One fall morning, as the commune was meditating on a bountiful harvest and farting like a herd of tired horses after their breakfast of pinto beans and cabbage juice, their leader lost his patience and gave them the rough side of his channel for their spiritual laziness, their unwillingness to strive harder to control themselves, and the way it smelled in here this morning. The disciples had been bitching for weeks about the menu provided by Peter Coppintail's wives, which consisted mainly of brown rice and soy tofu, flavored with zucchini the size of mortar shells and what Shakti-Go-Go, the senior wife, said was tempeh, but a disciple from Flower Mound, Texas, claimed he'd spotted her cleaning out of the goat barn with a shovel. Peter Coppintail offered himself and one or two of his more evolved wives as examples of culinary transcendence. They wouldn't have eaten the flesh of Our Fellow Beings if it had trotted merrily into the yard and jumped into their mouths. But seeing as how all the disciples seemed to be at the mercy of their lower natures lately, Peter Coppintail would ungird himself and go skyclad-per instructions-into the forest to summon a deer.

Naked he strode into the forest, holding a Hopi paho and singing his sacred deer-calling song. The wives and disciples clustered in the front yard, the wives looking virtuous and the disciples glum and guilty. And hungry. The disciple from Flower Mound, Texas, was just about drooling in anticipation of some good old deer meat to cut the taste of that shitty tempeh, and one young disciple, a 15-year-old runaway from Tater Knob, West Virginia, was wondering if she still recalled how to make venison mincemeat by mammaw's recipe. Tempeh made her snap her lunch.

Peter Coppintail, his pale body dappled with sunlight through the autumn leaves, followed the trail to his meditation rock in a grove of quaking aspens. Breathing ki, he mounted the rock and stood tall in the crisp air, composing himself. Compassion almost overwhelmed him as he thought about the deer who was going to die to feed his chilidogivorous disciples. He thanked his guardian spirit, Dhu-Be-Dhu, that he and his wives had overcome their baser appetites and nourished themselves, as the I Ching directed, entirely on the purest of food. He felt himself entering oneness with Great Deer. Then he raised his arms to heaven and bowed from the waist to the spirit of the deer in humility and supplication. With a swelling heart, Peter Coppintail offered himself wholly to the ritual.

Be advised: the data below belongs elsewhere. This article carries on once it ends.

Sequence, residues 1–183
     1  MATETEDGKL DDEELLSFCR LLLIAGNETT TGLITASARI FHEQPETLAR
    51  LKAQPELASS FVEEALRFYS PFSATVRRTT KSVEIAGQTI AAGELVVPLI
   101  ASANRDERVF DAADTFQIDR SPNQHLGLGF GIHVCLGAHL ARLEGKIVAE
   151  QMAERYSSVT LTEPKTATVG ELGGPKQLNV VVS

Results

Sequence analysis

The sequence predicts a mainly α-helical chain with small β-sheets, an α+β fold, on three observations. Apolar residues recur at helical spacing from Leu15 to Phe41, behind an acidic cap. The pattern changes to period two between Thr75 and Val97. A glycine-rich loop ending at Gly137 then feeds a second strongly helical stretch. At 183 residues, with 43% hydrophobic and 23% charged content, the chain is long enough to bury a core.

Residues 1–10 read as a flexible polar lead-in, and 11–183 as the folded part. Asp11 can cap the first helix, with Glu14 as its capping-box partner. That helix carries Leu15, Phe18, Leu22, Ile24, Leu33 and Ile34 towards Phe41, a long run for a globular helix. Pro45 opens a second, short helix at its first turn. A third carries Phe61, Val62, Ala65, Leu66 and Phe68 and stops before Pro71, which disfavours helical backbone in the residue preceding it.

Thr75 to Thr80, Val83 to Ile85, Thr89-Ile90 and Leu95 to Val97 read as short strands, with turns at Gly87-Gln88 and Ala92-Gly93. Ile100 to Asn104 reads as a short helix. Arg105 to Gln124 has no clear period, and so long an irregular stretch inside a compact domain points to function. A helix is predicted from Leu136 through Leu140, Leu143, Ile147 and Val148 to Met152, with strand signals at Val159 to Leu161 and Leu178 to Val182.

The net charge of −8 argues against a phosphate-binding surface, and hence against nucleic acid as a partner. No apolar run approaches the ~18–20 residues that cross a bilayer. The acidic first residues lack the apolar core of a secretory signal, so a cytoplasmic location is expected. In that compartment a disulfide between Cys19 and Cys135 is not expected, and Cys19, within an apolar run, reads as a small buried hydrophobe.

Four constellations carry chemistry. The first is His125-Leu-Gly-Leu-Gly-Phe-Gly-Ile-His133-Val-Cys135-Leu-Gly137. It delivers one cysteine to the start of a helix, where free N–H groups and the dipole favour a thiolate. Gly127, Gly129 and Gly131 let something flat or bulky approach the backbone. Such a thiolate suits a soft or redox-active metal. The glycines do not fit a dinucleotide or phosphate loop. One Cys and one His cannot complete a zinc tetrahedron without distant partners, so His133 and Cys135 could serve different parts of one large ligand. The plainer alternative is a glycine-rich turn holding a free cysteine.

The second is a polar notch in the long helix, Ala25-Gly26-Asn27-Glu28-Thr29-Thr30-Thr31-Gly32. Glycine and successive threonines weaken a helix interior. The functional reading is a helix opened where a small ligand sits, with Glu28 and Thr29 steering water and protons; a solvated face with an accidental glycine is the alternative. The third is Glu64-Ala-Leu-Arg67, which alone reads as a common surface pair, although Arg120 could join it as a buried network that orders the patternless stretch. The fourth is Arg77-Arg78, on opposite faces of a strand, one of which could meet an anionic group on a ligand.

He heard the sharp crack of a twig behind him, but before he could even straighten up, a load of double-ought buckshot caught him square in the behind. Shrieking to the sky and bounding like a jackrabbit, Peter Coppintail streaked for home, quickly outdistancing the Good Ole Boy from Lubbock, Texas, who'd flown up here to the Rockies for the first day of deer season. The Good Ole Boy stood scratching his head. Gawd damn, what a racket!

The Good Ole Boy wondered if he mighten't oughta go after that whitetail he hadn't quite managed to kill, but then he took a hefty swig of cool Lone Star from the longneck in his back pocket and decided not to bother. That sucker's rack hadn't been worth dawgshit.

MORAL: When you're standing on your principles, it's always best to cover your ass.

- Jane Gallion  [4004 BC]

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revised 24 November 2005